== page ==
As part of efforts to raise awareness of Fetal Alcohol Spectrum Disorder (FASD), Georgian College will host an FASD and Justice Conference on Thursday, May 24 at the Barrie Campus.
FASD results from prenatal alcohol exposure and is a permanent brain-based disability that impairs thinking and judgment. It is the leading known cause of preventable developmental disability among Canadians. Unsupported, individuals with FASD are at disproportionate risk for involvement with the law – as offenders and as victims.
“FASD is the most common developmental disability in Canada and impacts approximately 130,000 Ontarians,” says Sheila Burns, a specialist and noted advocate in the field of FASD. “Unfortunately, it’s a disability that is largely unrecognized, with little prevention and awareness.”
Ontario is the only province in Canada without a provincial strategy to address the disability. As part of a 10-month fellowship at Georgian College, Burns is hoping to remedy that. She has been conducting roundtable discussions with professionals from a diverse range of fields on how to better provide services and supports for individuals with FASD. The agenda for the conference has been shaped by those discussions.
“The overall goal of the conference is to address some of the pressing issues we face as a province – everything from changing systemic attitudes and developing new diagnostic tools, to managing the behaviours of those with FASD and making accommodations for them in the justice system,” notes Burns. “We hope to identify partnerships and potential collaborations that will positively impact future policy and professional practice.”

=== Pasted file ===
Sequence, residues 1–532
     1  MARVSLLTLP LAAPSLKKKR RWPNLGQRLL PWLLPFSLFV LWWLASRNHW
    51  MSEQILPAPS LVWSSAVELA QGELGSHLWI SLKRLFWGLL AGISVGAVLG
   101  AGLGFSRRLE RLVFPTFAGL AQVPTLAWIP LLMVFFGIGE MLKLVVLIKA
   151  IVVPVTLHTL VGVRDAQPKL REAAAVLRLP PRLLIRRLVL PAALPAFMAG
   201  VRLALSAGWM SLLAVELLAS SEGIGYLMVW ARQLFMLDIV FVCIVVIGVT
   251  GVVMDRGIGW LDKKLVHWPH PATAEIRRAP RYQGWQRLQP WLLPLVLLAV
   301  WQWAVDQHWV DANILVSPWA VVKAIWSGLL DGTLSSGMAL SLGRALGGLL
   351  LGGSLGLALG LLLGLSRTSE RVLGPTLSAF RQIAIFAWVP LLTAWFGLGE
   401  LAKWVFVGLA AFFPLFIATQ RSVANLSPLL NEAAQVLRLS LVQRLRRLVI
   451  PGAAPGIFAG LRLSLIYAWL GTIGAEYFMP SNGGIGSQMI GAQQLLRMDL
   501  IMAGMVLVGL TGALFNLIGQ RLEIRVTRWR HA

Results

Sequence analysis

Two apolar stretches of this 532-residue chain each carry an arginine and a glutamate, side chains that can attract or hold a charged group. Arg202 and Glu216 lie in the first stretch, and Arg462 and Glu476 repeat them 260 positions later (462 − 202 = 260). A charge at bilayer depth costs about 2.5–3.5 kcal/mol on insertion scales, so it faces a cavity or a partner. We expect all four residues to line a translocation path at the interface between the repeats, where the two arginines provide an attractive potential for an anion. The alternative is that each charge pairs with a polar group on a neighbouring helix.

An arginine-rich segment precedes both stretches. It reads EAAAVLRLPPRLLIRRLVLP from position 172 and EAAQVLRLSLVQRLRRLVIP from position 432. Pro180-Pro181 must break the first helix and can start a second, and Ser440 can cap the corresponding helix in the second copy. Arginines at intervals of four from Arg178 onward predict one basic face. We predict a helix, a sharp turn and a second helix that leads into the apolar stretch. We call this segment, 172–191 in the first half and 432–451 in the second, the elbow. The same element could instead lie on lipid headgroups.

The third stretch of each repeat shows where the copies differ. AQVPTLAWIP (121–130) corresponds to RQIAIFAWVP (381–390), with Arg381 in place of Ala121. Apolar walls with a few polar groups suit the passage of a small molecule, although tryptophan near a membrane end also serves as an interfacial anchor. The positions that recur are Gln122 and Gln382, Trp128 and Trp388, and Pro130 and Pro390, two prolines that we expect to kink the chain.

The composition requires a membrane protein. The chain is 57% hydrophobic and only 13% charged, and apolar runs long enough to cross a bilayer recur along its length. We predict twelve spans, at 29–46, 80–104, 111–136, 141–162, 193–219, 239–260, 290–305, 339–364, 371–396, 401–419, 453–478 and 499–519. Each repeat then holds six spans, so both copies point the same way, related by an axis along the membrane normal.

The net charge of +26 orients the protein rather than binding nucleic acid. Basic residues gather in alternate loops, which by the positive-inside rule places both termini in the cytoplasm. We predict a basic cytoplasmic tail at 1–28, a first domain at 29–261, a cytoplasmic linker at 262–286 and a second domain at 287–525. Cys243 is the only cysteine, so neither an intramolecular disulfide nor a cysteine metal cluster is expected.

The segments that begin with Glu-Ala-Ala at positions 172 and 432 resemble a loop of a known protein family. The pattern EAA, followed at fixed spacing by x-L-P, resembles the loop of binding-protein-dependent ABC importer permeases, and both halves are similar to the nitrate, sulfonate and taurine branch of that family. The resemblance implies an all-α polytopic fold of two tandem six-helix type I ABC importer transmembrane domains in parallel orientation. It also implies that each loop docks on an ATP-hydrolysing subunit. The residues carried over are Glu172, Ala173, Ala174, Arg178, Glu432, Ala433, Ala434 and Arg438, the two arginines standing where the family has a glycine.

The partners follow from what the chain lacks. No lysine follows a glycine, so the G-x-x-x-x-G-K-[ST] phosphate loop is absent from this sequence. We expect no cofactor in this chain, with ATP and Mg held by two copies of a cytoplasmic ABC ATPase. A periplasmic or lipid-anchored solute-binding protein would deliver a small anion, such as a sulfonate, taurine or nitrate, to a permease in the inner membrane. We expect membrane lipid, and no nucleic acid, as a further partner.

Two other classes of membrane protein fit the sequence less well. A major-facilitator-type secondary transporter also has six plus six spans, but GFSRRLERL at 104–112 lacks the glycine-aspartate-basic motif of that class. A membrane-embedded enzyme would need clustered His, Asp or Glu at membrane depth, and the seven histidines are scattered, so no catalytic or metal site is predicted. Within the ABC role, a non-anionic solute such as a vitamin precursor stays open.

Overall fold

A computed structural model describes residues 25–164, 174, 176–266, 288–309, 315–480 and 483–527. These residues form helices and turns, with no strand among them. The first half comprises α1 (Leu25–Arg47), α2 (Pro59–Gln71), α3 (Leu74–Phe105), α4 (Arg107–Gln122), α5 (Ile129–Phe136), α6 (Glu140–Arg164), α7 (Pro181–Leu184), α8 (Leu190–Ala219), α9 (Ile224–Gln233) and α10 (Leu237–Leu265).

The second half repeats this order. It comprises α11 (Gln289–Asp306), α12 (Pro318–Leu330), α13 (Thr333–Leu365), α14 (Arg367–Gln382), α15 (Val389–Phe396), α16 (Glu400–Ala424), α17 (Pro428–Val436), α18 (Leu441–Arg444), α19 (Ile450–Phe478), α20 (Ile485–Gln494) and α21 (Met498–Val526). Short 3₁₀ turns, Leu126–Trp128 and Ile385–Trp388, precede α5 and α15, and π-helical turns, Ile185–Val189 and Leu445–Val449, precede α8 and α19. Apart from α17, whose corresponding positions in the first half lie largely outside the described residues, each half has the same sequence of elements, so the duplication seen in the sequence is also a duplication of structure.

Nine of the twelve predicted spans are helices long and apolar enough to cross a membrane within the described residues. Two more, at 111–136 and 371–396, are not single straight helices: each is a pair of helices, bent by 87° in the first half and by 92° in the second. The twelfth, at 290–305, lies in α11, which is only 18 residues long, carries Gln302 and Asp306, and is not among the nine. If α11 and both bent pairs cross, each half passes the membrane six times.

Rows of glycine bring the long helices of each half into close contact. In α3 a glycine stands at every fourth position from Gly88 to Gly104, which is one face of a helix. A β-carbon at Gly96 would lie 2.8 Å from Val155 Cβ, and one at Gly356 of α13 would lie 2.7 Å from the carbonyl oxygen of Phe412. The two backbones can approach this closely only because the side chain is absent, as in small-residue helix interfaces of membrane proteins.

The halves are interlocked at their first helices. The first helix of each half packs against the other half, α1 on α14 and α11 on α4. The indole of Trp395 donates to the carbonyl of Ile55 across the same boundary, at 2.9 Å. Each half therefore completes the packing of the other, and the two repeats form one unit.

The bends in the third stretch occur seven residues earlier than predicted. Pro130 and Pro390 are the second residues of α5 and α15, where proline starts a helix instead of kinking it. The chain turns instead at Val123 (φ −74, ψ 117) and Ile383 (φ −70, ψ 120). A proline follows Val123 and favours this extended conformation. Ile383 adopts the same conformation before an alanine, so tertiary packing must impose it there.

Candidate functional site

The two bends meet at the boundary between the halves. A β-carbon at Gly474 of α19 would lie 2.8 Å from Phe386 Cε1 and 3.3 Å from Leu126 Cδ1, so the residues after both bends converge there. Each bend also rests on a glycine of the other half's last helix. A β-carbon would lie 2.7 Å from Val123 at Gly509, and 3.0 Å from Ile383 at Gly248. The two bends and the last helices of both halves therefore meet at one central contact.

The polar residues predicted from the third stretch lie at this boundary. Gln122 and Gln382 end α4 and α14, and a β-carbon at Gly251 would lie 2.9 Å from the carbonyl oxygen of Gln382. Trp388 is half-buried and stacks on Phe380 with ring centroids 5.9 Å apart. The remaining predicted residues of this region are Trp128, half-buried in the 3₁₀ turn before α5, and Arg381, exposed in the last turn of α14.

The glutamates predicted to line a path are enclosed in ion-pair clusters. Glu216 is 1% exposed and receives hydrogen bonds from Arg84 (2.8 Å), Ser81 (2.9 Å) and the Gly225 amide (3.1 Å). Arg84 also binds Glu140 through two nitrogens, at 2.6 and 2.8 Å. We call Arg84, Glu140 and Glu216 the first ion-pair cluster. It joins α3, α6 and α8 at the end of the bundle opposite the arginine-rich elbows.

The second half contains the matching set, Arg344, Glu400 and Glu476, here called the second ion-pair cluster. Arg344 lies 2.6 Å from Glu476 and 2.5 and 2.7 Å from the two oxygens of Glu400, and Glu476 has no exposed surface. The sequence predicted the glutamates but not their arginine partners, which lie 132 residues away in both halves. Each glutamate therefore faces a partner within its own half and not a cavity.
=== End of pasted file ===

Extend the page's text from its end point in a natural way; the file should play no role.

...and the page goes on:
The conference will benefit anyone concerned with the implications of justice, criminality and disability. In particular, it will appeal to judges, crown attorneys, lawyers, police officers, disabilities workers, mental health and addictions workers, policymakers and more.
The deadline to register is May 17. Download the FASD and Justice Conference registration form.
Sheila Burns is a specialist in FASD and has been working toward the advancement of FASD awareness since 1997. She is a founding member and past chair of the FASD Ontario Network of Expertise. In 2011, Sheila was awarded the Community Leadership in Justice Fellowship from the Law Foundation of Ontario, of which this conference is a key outcome. She is working in collaboration with Georgian College to develop curriculum for two FASD-specific courses and a graduate certificate program, conduct research and draft a strategic response to FASD for Ontario.